Civility and Humility – we should more often use our ability

As a student of human behavior (I’m right now nearly through Robert Cialdini’s 2016 book Pre-Suasion – A Revolutionary Way to Influence and Persuade (don’t love the title but I do love the book), I too often find myself following various exchanges from friends and associates via Facebook and LinkedIn. Primarily because those platforms lend themselves to narrative exchanges. That and I am just not a big Reddit.com guy. 

When it comes to people’s behavior, it’s evident that there’s a great deal of passion that comes out in the musings of those using social media as their megaphone – intentionally or not. Social media not unlike email allows the creator/writer to have an uninterrupted pulpit from which to disseminate his or her opinions to their friends, connections and followers. And since friends, connections and followers don’t always feel the same way (could you imagine?), using social media as a bully pulpit can stoke some really interesting and incendiary exchanges.

Somehow in the process the principles of civility are being increasingly left behind. Ad hominem attacks have been taking place as long as orators and writers have been around (think ancient Greeks),but they are even more public now.

What troubles me is the way ‘friends’ jump on the opinions of ‘friends’ with personal attacks when there’s major disagreement. A lack of civility is inherent – perhaps due to the less personal nature of writing something as opposed to actually saying something. Would people actually say to face of a ‘friend’ some of the things they write to others on Facebook or LinkedIn? Some might but I advance that many would not. So why the lack of civility? Is it a lack of respect? Is there a lack of understanding of any position other than one’s own? I will leave it to others to answer those questions.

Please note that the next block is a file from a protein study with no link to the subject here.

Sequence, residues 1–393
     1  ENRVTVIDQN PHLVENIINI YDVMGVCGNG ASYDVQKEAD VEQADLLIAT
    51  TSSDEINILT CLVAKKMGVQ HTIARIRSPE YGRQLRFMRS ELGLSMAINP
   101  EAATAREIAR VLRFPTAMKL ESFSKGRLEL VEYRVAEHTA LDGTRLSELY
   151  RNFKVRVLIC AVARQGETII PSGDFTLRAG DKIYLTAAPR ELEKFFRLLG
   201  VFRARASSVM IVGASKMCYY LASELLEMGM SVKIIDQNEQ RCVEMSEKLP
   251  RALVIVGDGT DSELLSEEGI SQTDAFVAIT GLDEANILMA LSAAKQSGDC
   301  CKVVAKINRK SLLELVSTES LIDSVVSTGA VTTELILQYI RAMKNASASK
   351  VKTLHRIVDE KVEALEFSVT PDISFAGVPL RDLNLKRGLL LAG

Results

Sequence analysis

That’s where humility comes in. Humility: a modest or low view of one’s own importance; humbleness. Too many ‘discussions’ (as lively as they are at times), lack both civility AND humility. There appears to be a deep-rooted need for people to prove others WRONG and show themselves as being RIGHT. Anything other than complete capitulation on the part of those that disagree is not enough. As if there are only winners and losers. Sure people might write that they ‘agree to disagree’, but my sense is that often that is an insincere sentiment. You don’t agree with me = you are an idiot.

I’m lucky to have what I consider to be a fair amount of friends. Those that know me don’t need to read what I have to offer on social media to know how I feel about the various issues of the day. Those that know me also know that I have great passion for the things in which I believe. I also know that slapping dissenters and their opinions will not make them ‘wake-up’ and realize how wrong they were and how right I am and do a complete turnaround of their opinions.

It’s called civility with what I hope is a bit of humility stirred in. And it really isn’t all that difficult if one makes an effort.

About markkolier

Futurist, entrepreneur, left lane driver
This entry was posted in Social Media and tagged , , , , , , . Bookmark the permalink.

2 Responses to Civility and Humility – we should more often use our ability

  1. Chaya Sarah Cantor says:

    I’ve also gotten turned off by the rude comments — and vulgarity. Something about the computer, I think, lowers people’s inhibitions. It’s not just the anonymity. Perhaps the frontal lobe is affected.

    Liked by 1 person

  2. markkolier says:

    That was funny. Thanks you Sarah.

    Like

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